16.It is clear from Section 50 (2) of the Law of Succession Act that appeals from the Kadhis’ court are automatic to the High Court. However, there is no automatic right of appeal from the High Court on the decisions of the Kadhis’ court. The Court of Appeal can hear an appeal on any point of Muslim law from the High Court only with leave of the High Court. It is evident that there is no express provision as to whether the Court of Appeal can hear any appeal from the High Court on any other point of law.
17.In this respect, this court had due regard to the case of Rhoda Wairimu Karanja & Another vs Mary Wangui Karanja & Another (Supra) where the Court of Appeal held as follows:-
19.Without belabouring the point, this court found and held that the present application was properly before it for determination because the 3rd Objector could not lodge an appeal at the Court of Appeal without leave of this court and if denied leave by the High Court, with leave of the Court of Appeal.
20.Before this court could grant the 3rd Objector leave to file an appeal at the Court of Appeal, it had to be satisfied that he had sufficiently explained the cause of delay.
21.He had argued that he did not appeal within a period of fourteen (14) days because the family was still discussing the Judgment and that he did not have money to lodge the appeal.
22.The guiding principles to be met in an application seeking leave of the court to file an appeal out of time/extension of time were then laid out in the case of Thuita Mwangi v Kenya Airways Limited  eKLR and were reaffirmed in the case of Growth Africa (K) Limited & Another v Charles Muange Milu  eKLR.
23.In exercising its discretion to allow an application seeking extension to file an appeal out of time, a court has to be satisfied that the omission or commission was excusable. In other words, there must be a plausible explanation for the delay in doing an act.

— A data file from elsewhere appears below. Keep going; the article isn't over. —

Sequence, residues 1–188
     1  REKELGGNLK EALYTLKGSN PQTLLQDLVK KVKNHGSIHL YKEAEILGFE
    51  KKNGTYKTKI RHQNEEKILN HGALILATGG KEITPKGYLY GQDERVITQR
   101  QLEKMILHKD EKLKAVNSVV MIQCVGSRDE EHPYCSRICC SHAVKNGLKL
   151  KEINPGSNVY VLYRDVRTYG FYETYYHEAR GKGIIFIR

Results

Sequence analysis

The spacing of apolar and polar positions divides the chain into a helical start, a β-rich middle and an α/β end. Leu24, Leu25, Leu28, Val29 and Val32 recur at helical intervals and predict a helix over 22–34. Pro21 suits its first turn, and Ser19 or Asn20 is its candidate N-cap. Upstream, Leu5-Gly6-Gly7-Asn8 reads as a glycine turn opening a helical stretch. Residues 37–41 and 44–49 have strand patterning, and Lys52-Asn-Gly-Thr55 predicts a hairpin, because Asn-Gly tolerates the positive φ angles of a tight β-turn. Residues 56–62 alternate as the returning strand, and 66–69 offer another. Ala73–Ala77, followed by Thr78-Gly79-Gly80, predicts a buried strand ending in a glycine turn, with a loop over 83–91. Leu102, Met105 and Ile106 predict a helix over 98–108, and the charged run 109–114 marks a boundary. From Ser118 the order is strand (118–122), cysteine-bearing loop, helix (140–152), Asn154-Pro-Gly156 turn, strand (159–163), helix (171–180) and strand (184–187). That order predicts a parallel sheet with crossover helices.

24.The right to appeal is paramount in resolution of dispute and that as much as the court’s intervention was discretionary, it must be cautious not to deny a party that right. Indeed, every party has a right to access any court or tribunal to have his or her dispute heard and determined in accordance with Article 50(1) of the Constitution of Kenya. Even where a party delays in doing an act, there is always a provision of the law that would give it reprieve to seek justice.
26.Indeed, Rule 63 of the Probate and Administration Rules, 1980 provides as follows:-
27.Further, Rule 73 of the Probate and Administration Rules stipulates as follows:-
28.This court associated itself with the holding in the case of Joseph Odide Walome v David Mbadi Akello  eKLR where it was held that the discretion of the court could only be unlocked by a cogent, full, honest and plausible disclosure for the reason of the delay.
29.A period of two (2) years herein was inordinate. However, it could be remedied. Indeed, the court has wide discretionary powers to enlarge time to do a lawful act where such leave for enlargement has been sought as has been seen hereinabove.
30.It is not an uncommon in our jurisdiction for litigants not to prosecute matters in court due to the cost implications. Legal fees are exorbitant and often times, out of reach of the ordinary man. Lack of finances is therefore a plausible reason to explain why a party can fail to take appropriate legal action within periods stipulated by the law. A court should therefore restrain itself from denying impecunious litigants who at some point get financial ability their right to proceed with their cases.
31.Going further, in determining whether or not to grant an order for extension to do any act, the court also had to consider if the opposing side will suffer any prejudice if extension of time was granted. This court was not satisfied that Petitioner would suffer any prejudice if the 3rd Objector herein exercised his constitutional right of appeal. If there was any prejudice, he did not demonstrate the same. He merely stated that the 3rd Objector had refused to comply with the decision that was delivered in Tamu Principal Magistrate’s Court in ELC No 3 of 2018 and that he was apprehensive that the 3rd Objector might also refuse to comply with the orders of the Court of Appeal.
32.It was the considered view of this court that mental and economic stress that the Petitioner had stated had plagued him due to the dispute herein was not a sufficient ground to deny the 3rd Objector herein his right to appeal against the decision of the aforementioned learned judge.
33.Taking all the factors hereinabove into account and weighing the 3rd Objector’s right to have his dispute determined fairly in a court of law as provided in Article 50(1) of the Constitution of Kenya and the equally important Petitioner’s fundamental right that justice delayed is justice denied as stipulated in Article 159(2)(b) of the Constitution of Kenya, this court determined that there would be more injustice and prejudice to be suffered by the 3rd Objector if he was denied an opportunity to ventilate his intended Appeal on merit.